With Delhi and Mumbai airport in competent private hands. one can breathe a little easy. The underutilisation of assets, absurd designs, quixotic operational processes that impose huge passenger side discomforts and costs may hopefully go away.
Nothing illustrates the failure of the system as the design of Delhi airport. Domestic terminals are separated by ownership of airlines using them! As such bloomers are corrected, consumers would gain huge value, even before the runway layouts, and taxi paths crossing each other etc are corrected. And much before the investments take place.
Similarly created monopolies that ‘served’ food and drink and reading material would hopefully go away, as the private incentive to maximise revenue takes root. Unfortunately, these benefits would miss the other airports, as the government is keen to give a free reign to AAI. But maybe, there is hope? As customers experience the difference, AAI itself might change, the way Indian Airlines had to, with competition from Jet and Sahara.
There is much left wanting in the regulation of airlines that threatens to destroy consumer value. Values waiting to be tapped in riding scale and scope economies and in falling costs. To the economist, airline operations are natural monopolies but subject to contestability. This characteristic arises from both from the production and consumption sides. Given the contestability, the current wisdom is for regulation to allow any airline from other territories to operate temporarily to skim away any premium prices the entrenched regional monopolist would charge. This threat, it is claimed, would eliminate the need for price regulation. True, but it also makes airlines go bankrupt.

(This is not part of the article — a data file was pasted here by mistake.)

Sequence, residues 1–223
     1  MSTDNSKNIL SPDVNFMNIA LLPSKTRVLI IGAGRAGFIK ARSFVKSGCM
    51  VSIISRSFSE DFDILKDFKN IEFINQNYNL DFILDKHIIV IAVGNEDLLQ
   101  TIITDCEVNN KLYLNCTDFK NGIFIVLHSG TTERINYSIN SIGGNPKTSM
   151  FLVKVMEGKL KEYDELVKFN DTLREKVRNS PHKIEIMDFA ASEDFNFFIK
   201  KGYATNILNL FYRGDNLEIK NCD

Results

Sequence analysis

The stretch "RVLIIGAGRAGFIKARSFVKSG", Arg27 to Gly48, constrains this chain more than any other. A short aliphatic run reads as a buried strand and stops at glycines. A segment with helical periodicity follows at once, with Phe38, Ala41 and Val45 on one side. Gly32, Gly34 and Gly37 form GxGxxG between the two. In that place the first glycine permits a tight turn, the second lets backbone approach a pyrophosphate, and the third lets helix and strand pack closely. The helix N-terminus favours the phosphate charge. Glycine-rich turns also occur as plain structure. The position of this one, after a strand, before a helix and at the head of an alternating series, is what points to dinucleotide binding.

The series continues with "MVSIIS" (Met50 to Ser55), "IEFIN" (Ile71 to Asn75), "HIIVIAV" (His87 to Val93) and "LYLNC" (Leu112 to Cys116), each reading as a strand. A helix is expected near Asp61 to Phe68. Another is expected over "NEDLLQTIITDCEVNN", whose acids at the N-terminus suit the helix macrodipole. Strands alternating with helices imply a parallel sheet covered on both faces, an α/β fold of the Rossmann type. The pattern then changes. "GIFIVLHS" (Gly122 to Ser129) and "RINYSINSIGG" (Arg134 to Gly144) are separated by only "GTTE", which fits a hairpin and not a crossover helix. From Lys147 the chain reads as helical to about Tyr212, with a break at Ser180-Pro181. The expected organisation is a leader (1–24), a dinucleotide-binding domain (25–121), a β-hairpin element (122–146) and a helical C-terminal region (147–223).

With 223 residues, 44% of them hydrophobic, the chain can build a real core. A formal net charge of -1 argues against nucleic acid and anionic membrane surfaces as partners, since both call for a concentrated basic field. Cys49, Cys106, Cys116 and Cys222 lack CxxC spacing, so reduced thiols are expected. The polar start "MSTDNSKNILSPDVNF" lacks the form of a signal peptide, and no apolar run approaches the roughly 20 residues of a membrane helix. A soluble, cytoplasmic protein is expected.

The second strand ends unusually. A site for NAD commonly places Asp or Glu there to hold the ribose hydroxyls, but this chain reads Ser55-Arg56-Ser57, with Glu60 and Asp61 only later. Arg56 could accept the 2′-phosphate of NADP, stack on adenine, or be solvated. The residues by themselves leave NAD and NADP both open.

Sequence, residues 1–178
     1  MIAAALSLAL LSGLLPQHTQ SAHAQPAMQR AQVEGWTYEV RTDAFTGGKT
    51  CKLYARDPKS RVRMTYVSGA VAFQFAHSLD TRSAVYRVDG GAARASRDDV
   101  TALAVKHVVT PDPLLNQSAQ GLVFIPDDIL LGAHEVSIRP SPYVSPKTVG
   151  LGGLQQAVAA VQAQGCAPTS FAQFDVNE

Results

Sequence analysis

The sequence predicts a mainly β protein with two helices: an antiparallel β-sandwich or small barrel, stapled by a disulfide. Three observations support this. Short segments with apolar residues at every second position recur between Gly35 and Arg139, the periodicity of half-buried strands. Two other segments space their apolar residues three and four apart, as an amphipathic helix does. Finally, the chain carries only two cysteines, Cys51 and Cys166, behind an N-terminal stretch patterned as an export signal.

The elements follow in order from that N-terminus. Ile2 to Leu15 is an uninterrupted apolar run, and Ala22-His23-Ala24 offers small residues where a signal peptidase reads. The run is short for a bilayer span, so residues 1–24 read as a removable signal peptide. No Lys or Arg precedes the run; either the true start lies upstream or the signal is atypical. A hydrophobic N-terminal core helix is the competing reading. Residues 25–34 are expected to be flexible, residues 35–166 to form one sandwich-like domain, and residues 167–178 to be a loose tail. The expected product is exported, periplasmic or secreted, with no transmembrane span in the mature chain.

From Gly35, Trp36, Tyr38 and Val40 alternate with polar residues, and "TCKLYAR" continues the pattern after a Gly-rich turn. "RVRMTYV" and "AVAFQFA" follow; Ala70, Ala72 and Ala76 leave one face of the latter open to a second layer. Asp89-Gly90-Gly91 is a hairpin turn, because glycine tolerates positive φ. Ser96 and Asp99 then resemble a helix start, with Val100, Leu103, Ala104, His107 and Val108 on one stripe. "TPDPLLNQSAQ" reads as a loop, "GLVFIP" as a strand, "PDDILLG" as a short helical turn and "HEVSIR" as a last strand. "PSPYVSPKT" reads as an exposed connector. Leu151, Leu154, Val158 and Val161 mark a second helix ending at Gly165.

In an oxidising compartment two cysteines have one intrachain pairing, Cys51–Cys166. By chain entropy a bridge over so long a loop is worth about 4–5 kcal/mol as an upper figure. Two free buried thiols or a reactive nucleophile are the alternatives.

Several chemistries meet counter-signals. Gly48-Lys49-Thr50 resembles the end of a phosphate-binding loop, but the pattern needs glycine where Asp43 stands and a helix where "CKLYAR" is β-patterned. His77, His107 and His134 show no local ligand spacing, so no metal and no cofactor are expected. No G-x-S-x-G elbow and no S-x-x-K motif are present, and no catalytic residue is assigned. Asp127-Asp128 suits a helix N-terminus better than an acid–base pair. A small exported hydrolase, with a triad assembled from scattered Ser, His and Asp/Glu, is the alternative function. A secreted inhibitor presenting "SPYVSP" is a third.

The super additivity of benefits on the consumer side makes it important to maximise the number of connections, minimise the waiting time and costs, cut the information clutter and the variety in the bargains, and allow for seamless use of multiple carriers over a journey. Market forces can’t guarantee these. If the American, European and East Asian markets have found this problematic, in the Indian market with smaller players with little experience or concern about service quality, the matter is far more serious.
The regulator would have to give serious thought to these issues. Instances like AirDeccan or Spicejet trying to charge for wheel chairs, or GoAir allowing less than 15 kgs and then ripping off the customer for excess luggage should be ruled out.
In dynamic pricing, airlines must display the true prices prominently on notice boards at airports, all price schemes including discount fares be examined to remove anti competitive measures like no cancellation or absurdly high cancellation charges. Flight slots need to be rationalised to allow more connections. This would be possible if traffic airlines can book each others seats and be incentivised through offset payments among them which the regulator can look into (as in telecom interconnect charges).
Else, the customer would be only able to look up to mergers and acquisitions to overcome these sorts of problems, but mergers that reduce the number of players to one could then bring back high prices. Even that may not happen quickly enough since today in India there is far too much primitively accumulated capital (rents) that badly managed airlines can attract to keep going without making much money or creating customer value.